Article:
Building Your Credit Through Personal Loans

Building Your Credit Through Personal Loans

It’s an unavoidable fact of modern life: credit is incredibly important to almost every financial transactions that you make. Your credit rating is checked whenever you apply for a credit card, a rental or a utility hook-up. If you don’t have a credit history, chances are good that you won’t be approved. The dilemma, of course, is that you cannot establish a credit history until someone gives you credit. So how exactly do you build credit?

To obtain a credit score, you need to have at least one account that has been open for six months or longer, and at least one creditor reporting on your activity in the past six months.

Most people assume that credit cards are the best — and simplest — way to establish a credit history. While credit cards are often available to first time borrowers, they may not be the best option, especially since so many people make only minimum monthly payments leaving them with credit card debt for years.. A credit card may also tempt you into spending more than is advisable, leading to debt and potentially a bad credit score. Instead of opening a credit card, consider a personal loan as a better option for establishing credit.

A personal loan can be used for just about anything. Personal loans can either be secured — i.e., guaranteed by putting up collateral, like a car — or unsecured. Secured loans will typically have lower interest rates and a longer repayment period. Unsecured loans have higher interest rates and are harder to obtain, but do not require you to provide an asset as collateral.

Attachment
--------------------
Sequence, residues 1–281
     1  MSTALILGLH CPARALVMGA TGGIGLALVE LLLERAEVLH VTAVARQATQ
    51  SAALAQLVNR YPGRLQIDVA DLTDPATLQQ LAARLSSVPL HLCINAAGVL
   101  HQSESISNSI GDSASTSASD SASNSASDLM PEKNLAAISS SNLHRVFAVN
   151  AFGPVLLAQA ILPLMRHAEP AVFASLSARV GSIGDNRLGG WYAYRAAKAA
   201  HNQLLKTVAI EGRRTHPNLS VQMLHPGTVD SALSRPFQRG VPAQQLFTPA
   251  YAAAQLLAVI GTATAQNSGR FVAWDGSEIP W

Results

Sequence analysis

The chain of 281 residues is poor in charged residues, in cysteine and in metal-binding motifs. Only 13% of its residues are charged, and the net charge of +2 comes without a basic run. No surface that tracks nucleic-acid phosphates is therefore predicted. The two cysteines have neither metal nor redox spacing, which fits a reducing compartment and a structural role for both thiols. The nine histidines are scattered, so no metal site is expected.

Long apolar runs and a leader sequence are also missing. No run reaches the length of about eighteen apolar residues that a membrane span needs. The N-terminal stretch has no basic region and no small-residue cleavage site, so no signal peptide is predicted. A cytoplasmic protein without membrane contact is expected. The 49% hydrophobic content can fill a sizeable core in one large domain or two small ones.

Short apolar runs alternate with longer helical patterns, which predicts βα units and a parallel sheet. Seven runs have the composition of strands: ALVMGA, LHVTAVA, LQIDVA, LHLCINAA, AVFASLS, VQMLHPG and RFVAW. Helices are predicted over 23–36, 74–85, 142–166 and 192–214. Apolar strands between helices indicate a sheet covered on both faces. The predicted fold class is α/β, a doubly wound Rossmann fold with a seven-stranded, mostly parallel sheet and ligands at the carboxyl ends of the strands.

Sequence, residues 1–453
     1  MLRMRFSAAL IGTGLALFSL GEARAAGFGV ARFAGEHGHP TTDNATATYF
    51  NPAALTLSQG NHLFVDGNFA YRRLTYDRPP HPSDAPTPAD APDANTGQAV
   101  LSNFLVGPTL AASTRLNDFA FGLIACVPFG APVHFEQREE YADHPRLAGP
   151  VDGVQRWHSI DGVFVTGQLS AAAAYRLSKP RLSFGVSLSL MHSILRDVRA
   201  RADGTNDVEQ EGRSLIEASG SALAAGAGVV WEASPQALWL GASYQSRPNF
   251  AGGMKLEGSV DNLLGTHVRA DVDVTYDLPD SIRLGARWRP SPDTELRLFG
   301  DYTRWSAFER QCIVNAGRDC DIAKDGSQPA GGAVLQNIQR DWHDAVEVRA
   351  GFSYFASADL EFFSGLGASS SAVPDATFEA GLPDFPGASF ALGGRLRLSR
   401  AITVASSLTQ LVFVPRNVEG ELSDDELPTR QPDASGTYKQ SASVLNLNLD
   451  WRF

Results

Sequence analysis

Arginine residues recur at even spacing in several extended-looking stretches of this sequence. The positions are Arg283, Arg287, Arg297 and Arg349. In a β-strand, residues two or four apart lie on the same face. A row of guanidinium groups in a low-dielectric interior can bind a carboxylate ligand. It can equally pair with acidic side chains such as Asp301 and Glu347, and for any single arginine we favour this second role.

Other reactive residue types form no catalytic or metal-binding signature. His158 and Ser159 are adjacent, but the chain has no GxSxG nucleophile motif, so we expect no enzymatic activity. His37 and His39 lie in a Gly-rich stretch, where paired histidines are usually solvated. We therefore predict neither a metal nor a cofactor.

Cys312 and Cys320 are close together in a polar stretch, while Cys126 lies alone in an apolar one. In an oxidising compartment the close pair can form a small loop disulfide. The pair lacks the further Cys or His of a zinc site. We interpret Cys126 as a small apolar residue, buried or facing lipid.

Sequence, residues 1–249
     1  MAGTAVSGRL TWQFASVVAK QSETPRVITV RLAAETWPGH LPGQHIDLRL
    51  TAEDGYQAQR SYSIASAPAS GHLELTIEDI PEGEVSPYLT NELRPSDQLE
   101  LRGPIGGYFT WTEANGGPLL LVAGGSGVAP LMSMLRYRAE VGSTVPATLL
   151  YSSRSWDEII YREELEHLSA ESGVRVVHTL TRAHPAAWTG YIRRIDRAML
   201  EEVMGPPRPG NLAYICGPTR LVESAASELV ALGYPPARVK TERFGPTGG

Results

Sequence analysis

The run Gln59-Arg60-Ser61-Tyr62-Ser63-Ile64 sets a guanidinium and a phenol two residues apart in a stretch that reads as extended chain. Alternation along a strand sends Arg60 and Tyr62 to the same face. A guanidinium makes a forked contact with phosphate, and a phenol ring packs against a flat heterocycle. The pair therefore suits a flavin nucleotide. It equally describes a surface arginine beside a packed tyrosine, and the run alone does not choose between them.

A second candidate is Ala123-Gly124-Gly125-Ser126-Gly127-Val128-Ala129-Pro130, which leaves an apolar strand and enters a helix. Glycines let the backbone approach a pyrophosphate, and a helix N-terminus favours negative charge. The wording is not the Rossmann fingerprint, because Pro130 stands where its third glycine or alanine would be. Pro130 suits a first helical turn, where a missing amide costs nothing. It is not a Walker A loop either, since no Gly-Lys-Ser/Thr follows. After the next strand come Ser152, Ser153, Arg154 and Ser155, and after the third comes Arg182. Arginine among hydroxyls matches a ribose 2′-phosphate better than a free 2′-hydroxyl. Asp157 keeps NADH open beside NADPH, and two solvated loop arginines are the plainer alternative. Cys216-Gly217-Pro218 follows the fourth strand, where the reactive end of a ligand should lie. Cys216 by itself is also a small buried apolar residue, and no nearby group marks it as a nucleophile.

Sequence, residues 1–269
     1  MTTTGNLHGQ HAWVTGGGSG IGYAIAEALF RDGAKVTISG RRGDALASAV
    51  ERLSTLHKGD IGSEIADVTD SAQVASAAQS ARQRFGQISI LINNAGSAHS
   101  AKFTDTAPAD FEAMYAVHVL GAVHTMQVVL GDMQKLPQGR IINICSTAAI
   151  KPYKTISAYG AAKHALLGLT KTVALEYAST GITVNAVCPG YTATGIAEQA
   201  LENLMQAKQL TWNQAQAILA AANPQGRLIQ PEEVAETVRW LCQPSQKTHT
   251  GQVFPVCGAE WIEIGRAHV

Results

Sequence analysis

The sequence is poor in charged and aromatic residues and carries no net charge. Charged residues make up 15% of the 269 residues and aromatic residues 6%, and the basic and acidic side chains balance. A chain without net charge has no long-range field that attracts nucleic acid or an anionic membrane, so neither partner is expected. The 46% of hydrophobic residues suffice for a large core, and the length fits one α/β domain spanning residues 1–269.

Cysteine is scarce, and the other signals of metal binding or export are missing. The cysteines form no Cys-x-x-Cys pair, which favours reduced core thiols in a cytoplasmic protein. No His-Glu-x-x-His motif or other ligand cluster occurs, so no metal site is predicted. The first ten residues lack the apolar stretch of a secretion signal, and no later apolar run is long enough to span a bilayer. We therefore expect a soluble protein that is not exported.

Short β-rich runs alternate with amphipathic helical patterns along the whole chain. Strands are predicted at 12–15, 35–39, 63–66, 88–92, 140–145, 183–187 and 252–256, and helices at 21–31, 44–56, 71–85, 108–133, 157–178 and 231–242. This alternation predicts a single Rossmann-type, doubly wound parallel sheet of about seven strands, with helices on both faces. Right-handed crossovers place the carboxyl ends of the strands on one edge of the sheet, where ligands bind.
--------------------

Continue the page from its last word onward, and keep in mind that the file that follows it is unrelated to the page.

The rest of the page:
If you’re trying to build credit, start with a small, manageable loan to ensure that you are able to pay back the loan on time — or even ahead of time. Depending on the lender and the laws in your state, minimum loans can range in size from a few hundred dollars to a few thousand.. Providing collateral will make it easier to obtain a loan, and will result in a lower interest rate. While you may be wary of putting up their car or other personal property as collateral, remember that lenders don’t want your stuff; they want you to pay back the money. This makes them more willing to work with borrowers to get the loans repaid. If possible, ask a trusted family member or friend with a good credit history to co-sign your loan. Having a co-signer on the loan can increase the chances of loan approval, and usually with a lower interest rate. Keep in mind, however, that the co-signer will be on the hook for the loan if you do not pay.

A personal loan builds credit in much the same way that a credit card does — and with the benefit of a fixed monthly payment for a fixed term. Once the loan has been approved, the payments will be reported to the credit bureau. Consistent on-time payments, paying more than the minimum amount due and paying off the loan quickly will all contribute to a favorable credit score. Paying off even a small loan in a timely manner will help you to not only build credit, but to establish a good credit history.

Building credit can seem daunting, but a personal loan is a great way to start the process. By taking out a small personal loan and consistently making on-time payments, you can establish a solid credit history — and be well on your way to a successful financial future.